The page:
Post by The Romulan Republic » 2019-01-14 06:54pm

Watching CNN- apparently McConnel has now condemned King's statements as unworthy of his office and said that if he doesn't understand why white supremacy is bad he should choose a different line of work, and Mitt Romney has gone a step further and outright called for his resignation.
"Well, Grant, we've had the devil's own day, haven't we?"

"Yes. Lick 'em tomorrow though."

-Generals William T. Sherman and Ulysses S Grant, the Battle of Shiloh.


"You need to believe in things that aren't true. How else can they become?"-Terry Pratchett's DEATH.


I am a dual citizen of the United States and Canada.


Fuck Civility.

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Re: Congressman Steve King abandons all pretence, endorses white supremacism.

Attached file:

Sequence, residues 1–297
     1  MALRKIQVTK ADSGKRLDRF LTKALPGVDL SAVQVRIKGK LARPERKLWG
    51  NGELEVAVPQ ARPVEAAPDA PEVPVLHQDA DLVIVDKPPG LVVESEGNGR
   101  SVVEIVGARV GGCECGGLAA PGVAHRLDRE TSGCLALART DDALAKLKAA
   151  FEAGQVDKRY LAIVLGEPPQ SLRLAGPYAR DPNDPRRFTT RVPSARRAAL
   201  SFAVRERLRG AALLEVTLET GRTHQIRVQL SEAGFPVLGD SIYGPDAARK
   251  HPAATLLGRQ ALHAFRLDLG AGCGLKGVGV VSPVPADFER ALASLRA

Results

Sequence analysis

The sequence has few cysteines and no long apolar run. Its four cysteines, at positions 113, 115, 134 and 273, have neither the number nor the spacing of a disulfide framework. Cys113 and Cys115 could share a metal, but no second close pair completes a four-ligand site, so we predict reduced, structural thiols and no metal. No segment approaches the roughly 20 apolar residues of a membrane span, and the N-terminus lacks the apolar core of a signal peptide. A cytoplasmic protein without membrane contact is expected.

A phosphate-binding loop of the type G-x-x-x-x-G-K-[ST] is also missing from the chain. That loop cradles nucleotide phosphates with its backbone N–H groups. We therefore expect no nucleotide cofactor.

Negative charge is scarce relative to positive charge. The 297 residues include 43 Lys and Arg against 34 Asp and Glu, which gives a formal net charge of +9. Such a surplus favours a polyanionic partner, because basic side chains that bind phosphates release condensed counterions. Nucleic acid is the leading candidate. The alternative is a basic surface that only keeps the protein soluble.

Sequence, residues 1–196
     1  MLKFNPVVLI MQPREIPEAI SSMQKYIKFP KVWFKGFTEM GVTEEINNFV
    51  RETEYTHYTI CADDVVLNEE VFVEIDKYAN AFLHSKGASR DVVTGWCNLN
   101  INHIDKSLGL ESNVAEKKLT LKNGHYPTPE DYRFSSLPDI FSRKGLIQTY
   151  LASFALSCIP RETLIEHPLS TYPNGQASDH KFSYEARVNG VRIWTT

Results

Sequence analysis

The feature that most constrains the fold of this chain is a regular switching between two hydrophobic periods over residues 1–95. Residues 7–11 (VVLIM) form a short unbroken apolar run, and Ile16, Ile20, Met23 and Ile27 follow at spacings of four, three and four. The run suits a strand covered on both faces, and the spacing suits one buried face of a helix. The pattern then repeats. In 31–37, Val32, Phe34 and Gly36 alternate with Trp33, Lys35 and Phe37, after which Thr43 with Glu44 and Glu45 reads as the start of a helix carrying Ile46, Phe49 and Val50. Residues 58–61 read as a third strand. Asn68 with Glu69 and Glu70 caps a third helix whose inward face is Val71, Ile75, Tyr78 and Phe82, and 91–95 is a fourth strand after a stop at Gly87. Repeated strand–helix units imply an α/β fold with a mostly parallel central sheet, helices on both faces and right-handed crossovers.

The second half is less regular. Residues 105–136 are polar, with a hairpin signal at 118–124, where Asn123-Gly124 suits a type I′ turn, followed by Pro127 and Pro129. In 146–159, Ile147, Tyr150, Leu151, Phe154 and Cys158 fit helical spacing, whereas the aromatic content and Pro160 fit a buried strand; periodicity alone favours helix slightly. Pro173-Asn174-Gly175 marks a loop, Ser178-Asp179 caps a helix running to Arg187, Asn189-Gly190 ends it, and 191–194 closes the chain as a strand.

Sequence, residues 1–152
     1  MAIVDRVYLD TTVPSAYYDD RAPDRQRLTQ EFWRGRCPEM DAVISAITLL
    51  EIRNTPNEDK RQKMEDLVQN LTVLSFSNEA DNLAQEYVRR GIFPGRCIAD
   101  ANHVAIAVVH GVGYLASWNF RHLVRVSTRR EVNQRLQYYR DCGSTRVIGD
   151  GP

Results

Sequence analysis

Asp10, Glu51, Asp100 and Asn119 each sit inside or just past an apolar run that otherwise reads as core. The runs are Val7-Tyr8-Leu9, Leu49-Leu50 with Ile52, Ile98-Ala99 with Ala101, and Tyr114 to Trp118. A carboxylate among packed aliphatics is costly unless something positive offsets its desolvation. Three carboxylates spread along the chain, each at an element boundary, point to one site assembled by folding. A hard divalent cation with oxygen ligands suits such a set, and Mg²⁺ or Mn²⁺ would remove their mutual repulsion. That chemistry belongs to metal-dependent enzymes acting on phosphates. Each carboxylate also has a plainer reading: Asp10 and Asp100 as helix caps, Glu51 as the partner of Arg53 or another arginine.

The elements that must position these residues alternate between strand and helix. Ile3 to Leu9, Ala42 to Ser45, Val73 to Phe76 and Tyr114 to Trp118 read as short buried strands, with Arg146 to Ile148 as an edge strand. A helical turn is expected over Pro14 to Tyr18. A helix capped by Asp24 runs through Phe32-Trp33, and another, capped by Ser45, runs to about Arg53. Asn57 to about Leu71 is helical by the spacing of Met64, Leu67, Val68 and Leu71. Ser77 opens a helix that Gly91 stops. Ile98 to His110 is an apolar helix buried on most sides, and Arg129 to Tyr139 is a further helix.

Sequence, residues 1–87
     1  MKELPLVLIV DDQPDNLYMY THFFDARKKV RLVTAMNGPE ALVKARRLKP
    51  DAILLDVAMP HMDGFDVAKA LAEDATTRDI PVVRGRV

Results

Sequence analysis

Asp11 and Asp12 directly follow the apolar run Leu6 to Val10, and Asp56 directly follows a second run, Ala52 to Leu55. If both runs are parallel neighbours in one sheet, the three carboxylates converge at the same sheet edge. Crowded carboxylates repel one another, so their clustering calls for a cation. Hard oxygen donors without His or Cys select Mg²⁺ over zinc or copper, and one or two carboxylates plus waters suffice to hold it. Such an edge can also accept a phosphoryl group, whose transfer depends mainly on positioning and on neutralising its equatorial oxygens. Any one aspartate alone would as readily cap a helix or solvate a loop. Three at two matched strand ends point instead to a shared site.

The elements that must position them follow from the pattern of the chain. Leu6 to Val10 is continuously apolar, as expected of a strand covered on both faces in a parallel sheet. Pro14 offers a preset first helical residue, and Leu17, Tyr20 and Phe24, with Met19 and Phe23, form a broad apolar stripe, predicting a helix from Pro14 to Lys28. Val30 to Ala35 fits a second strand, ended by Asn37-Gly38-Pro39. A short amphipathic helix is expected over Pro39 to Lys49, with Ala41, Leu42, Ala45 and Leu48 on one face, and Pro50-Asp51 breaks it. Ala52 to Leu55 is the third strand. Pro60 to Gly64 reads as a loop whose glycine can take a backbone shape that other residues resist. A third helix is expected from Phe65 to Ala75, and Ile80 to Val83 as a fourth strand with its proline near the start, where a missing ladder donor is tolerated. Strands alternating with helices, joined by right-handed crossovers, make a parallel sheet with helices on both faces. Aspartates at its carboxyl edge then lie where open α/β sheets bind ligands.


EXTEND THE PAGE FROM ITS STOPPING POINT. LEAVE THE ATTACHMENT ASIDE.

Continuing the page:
Post by U.P. Cinnabar » 2019-01-14 07:02pm

EXTRA! EXTRA!

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Re: Congressman Steve King abandons all pretence, endorses white supremacism.

Post by The Romulan Republic » 2019-01-14 07:07pm

U.P. Cinnabar wrote:
2019-01-14 07:02pm
EXTRA! EXTRA!

Weasels condemn fox for henhouse raiding.
He was too overt for them, even though they (directly or indirectly by silence) have enabled the degeneration of the Republican Party to this point. They like their racism subtler and easier to ignore.
"Well, Grant, we've had the devil's own day, haven't we?"

"Yes. Lick 'em tomorrow though."

-Generals William T. Sherman and Ulysses S Grant, the Battle of Shiloh.


"You need to believe in things that aren't true. How else can they become?"-Terry Pratchett's DEATH.